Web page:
Death has always fascinated me, simply because I don’t want it to ever happen to me. I cannot conceive of not being, the idea of stopping for good – of being no more – is beyond me. I am always the last to leave a party because I cannot bear goodbyes; I hate it when things end. Whilst I think immortality would be terribly lonely, to me the idea of missing things, of not seeing what happens next, is so much worse. So I knew when I started writing that death, and the mysteries of it, would be a large part of my work.
From the very moment I first read the term ‘Sin Eater’, it haunted me. I came across it in a short story called ‘The Sin Eater’, part of Margaret Atwood’s collection of short stories, Dancing Girls. It was the title that drew me to it, the need to know what a sin eater was. I read the story, enjoyed it, but later found I couldn’t stop thinking about it. What a terrible, spine-chilling concept; that a person could take on the sins of another, literally pawning their soul for a little food and coin.
Traditionally, a sin eater was a man, poor, likely homeless or a vagrant, someone who had little choice but to jeopardise their own soul’s peace in the next world as a means of survival in this one. It’s a Christian tradition, though the Christian church has never condoned the practice, believing that only God could determine when a sin was atoned for. There’s the possibility it grew out of the Jewish scapegoat, or that it was a way for those who died unconfessed to be allowed fairer consideration, or to escape the fires of hell. Very little is actually known about it, though it was commonly practised it was unofficial, undocumented.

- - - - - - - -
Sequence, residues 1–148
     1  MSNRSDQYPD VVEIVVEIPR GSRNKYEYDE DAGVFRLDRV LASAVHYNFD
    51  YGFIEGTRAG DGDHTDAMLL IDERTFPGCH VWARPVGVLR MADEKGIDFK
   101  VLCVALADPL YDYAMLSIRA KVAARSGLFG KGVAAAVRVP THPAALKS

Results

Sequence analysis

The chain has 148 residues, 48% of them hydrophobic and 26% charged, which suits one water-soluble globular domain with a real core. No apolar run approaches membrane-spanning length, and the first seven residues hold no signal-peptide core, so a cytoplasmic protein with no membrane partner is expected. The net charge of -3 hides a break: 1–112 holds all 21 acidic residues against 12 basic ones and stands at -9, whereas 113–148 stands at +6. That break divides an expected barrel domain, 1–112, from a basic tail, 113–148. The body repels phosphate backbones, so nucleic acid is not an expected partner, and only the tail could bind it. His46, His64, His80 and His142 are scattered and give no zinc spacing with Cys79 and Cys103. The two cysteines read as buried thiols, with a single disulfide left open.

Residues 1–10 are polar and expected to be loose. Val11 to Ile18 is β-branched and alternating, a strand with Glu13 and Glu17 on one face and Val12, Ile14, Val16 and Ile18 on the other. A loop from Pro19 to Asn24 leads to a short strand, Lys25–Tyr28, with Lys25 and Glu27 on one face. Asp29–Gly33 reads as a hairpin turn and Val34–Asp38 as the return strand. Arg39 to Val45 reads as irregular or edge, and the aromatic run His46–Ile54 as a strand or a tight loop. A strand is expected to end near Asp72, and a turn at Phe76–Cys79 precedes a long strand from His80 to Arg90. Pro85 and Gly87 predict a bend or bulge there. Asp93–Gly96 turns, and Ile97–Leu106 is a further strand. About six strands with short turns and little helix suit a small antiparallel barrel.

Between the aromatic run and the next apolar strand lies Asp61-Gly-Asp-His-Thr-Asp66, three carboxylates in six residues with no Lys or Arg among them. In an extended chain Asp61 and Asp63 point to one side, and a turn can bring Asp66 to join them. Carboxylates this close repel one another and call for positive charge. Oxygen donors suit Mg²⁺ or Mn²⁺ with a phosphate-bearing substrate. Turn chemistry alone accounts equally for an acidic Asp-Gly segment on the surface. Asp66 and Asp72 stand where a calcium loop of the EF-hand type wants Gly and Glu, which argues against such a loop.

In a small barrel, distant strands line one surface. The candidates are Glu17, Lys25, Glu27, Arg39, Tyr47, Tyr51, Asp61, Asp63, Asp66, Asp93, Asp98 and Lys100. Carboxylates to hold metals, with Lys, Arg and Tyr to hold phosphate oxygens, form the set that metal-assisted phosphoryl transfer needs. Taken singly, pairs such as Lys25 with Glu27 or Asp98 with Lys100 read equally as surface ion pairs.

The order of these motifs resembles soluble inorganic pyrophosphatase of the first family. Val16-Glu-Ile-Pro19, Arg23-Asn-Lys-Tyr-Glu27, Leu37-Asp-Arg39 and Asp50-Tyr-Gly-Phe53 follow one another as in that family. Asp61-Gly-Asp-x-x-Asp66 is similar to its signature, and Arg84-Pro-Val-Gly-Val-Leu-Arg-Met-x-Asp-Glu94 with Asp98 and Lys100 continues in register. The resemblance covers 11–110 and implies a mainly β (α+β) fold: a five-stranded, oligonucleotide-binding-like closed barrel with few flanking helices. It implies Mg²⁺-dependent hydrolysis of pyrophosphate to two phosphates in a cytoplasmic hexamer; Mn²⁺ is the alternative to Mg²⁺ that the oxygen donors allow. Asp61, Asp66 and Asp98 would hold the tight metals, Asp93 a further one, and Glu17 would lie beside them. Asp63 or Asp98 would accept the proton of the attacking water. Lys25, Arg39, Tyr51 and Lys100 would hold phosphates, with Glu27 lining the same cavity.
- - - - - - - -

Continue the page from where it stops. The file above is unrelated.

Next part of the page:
But whatever the reasons, the idea of it horrified me, even beyond the death aspect. How desperate must a person be, in a time when people believed almost universally in heaven and hell, to add sins they’d never committed to their own repertoire? To willingly damn themselves eternally for a full stomach in this life? No matter what you believe in, the thought of bearing the sentence for crimes you hadn’t committed is an appalling one. So if an innocent could stockpile sins, what would that do to them? Would they become darker, wickeder, under the weight of these sins? I thought about secrets, and how they can weigh on you. Could sins do the same?
And so she was created, the Sin Eater, this monstrous character who held the key to a peaceful, eternal life in her hands. I elaborated on the foods eaten, making different sorts the embodiments of sin. In my world the Sin Eater can piece together a life and a character from the food served from a coffin top. She could see who was jealous, who was cruel, who was petty. There was a delicious darkness to that, that from this life-giving sustenance the deepest secrets of a soul could be known. That in order to guarantee peace to their loved one, a family would have to use food to confess the very worst of the deceased and allow this woman to know it, to carry it, and to pass it on.
I wanted my sin eater to be drenched in sin, to feel the weight of every single one. I wanted it to be an eternal thing, passed down a family line, life after life inheriting more and more, every generation more despised, more shunned. I wanted the sin eater in my world to be part goddess, part monster, respected and feared, the perfect dark counterpart for the glory of the royal family.
They would have to trust her. To trust the souls of those they loved, and eventually themselves, into this unknown quantity, who would know the very worst of them and carry it with her forever. This woman who was both blessing and curse. The Sin Eater.
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